New Google Chrome experiment warns of malicious and slow extensions

Google has added a new experiment to the Chrome browser that is designed to educate users about the malicious behavior and performance issues that can be caused by browser extensions.

Cybersecurity firm Awake released a report on Thursday that detailed how 111 Google Chrome extensions capable of malicious behavior were downloaded over 32 million times.

“These extensions can take screenshots, read the clipboard, harvest credential tokens stored in cookies or parameters, grab user keystrokes (like passwords), etc.,” Awake’s report stated.

Google has stated that they have since removed 77 of the extensions.

Google launches Chrome extensions checkup experiment

Whether it is coincidence or a result of this report, Google has released a new experiment in Chrome 83 called ‘Extensions Checkup’.

When enabled, this experiment will display information boxes at the top of the chrome://extensions page or as a small message at the bottom of New Tab Pages that try to educate users about the risks of using browser extensions.

To enable this experiment in Chrome 83, go to chrome://flags and search for ‘extensions checkup’.  When the experiment appears, you can select one of the ‘Enabled’ options to start displaying these educational alerts.

Extensions Checkup Chrome experiment
Extensions Checkup Chrome experiment

The message boxes shown by this experiment are meant to illustrate that browser extensions can be malicious or can slow down your browser experience, and in some cases, your PC if too much CPU is used.

The messages then prompt you to check your extensions and make sure you recognize them and meant to install them.

The ‘Performance’ message explains how browser extensions can slow down your PC.

Performance focused message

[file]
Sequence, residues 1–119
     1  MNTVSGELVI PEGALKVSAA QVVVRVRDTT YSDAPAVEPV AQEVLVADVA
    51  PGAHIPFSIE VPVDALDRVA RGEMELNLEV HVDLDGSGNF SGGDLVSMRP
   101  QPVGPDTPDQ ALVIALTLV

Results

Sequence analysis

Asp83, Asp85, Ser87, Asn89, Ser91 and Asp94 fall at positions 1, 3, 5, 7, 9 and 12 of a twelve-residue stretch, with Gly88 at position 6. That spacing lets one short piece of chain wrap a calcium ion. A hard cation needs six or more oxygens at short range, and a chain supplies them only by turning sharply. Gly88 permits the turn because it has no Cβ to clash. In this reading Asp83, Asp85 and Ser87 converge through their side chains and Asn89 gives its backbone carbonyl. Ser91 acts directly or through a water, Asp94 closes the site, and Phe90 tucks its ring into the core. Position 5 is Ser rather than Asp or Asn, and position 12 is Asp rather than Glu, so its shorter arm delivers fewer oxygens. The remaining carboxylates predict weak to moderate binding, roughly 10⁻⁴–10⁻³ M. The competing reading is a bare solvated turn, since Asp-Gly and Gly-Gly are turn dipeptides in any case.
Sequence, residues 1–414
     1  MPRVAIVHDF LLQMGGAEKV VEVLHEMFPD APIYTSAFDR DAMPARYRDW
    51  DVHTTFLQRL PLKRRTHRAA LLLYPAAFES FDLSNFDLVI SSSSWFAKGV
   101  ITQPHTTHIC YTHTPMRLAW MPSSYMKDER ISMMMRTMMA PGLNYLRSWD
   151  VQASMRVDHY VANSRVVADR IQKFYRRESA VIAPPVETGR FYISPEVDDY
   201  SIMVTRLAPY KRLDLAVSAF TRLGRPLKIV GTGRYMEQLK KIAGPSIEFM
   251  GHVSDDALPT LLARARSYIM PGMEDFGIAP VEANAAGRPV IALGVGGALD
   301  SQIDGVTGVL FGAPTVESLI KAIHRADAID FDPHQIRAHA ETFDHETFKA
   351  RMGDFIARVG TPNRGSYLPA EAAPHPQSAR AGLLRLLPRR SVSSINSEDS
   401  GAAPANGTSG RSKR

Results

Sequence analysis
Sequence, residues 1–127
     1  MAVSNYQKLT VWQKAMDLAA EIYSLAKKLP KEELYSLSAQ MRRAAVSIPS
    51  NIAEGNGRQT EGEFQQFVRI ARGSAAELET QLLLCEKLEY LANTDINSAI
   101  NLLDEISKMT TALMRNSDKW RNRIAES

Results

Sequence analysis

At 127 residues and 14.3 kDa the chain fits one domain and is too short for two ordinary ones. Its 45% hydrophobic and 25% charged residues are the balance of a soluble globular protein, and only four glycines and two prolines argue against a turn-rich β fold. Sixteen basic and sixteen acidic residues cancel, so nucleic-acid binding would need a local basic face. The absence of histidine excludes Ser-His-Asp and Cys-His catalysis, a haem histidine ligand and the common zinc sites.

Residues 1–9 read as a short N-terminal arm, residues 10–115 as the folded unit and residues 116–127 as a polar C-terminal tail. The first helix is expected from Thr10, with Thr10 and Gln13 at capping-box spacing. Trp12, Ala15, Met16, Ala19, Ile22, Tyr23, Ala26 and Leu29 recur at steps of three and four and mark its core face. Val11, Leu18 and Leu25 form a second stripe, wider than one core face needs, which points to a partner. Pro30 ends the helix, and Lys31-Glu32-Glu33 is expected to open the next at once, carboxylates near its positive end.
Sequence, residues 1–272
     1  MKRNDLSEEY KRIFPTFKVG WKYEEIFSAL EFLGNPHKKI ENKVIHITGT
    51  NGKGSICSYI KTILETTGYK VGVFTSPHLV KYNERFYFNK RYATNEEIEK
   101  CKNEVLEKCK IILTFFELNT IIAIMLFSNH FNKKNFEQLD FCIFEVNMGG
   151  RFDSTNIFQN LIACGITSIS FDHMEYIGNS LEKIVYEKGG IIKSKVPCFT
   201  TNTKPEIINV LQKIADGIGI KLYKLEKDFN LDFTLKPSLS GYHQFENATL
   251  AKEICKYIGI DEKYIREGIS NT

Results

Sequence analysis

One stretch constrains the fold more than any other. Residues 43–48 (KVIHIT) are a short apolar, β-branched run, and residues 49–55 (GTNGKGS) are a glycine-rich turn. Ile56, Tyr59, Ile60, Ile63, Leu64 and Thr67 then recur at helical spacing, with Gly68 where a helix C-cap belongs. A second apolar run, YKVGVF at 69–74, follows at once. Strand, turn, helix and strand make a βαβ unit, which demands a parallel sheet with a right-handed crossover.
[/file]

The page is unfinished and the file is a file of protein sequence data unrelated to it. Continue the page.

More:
Performance focused message
A healthier, happier Chrome
Some extensions can slow you down - especially ones you didn't mean to install.

If you don’t recognize an extension, or if your browser isn’t working as expected, you can turn off or customize extensions here.

The ‘Privacy’ message will explain that browser extensions can see your browsing activity, including what you enter into a browser.

What they are not saying is that there is little to stop an extension from stealing anything you type into your browser or performing other unwanted behavior.

Privacy focused message
Privacy focused message
Check your extensions
Some extensions can see your browsing activity - including personal information.

If you don’t recognize an extension, or if your browser isn’t working as expected, you can turn off or customize extensions here.

The ‘Neutral’ message just asks you to check your extensions and remove any that you do not remember installing.

Neutral focused message
Neutral focused message
Manage your extensions
On this page you can see all the extensions installed in Chrome.

If you don't recognize an extension, or if your browser isn't working as expected, you can turn off or customize extensions here.

Finally, if you enable the experiment on NTP pages, a small message will appear on New Tab Pages that ask you to check your extensions, as shown below.

New Tab Page (NTP) message
New Tab Page (NTP) message

This experiment is a good start as many people blindly install extensions without understanding the risks behind them.

Unfortunately, it is not enough, and more has to be done in the review process for the Chrome Web Store to prevent malicious extensions from being available in the first place.

Google has not announced anything related to this experiment, but as shown by this Chrome Gerrit post, they are starting to enable it in field trials on ChromeOS, Windows, Linux, and macOS.

H/T Techdows.com

Kent

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